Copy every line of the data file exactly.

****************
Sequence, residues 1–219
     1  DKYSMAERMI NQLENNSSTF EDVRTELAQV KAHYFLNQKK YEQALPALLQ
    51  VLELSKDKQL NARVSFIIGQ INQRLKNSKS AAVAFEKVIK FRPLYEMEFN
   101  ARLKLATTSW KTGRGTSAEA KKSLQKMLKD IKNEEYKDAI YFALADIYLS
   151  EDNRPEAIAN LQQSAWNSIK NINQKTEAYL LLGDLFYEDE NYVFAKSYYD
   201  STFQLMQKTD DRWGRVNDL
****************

Sequence, residues 1–219
     1  DKYSMAERMI NQLENNSSTF EDVRTELAQV KAHYFLNQKK YEQALPALLQ
    51  VLELSKDKQL NARVSFIIGQ INQRLKNSKS AAVAFEKVIK FRPLYEMEFN
   101  ARLKLATTSW KTGRGTSAEA KKSLQKMLKD IKNEEYKDAI YFALADIYLS
   151  EDNRPEAIAN LQQSAWNSIK NINQKTEAYL LLGDLFYEDE NYVFAKSYYD
   201  STFQLMQKTD DRWGRVNDL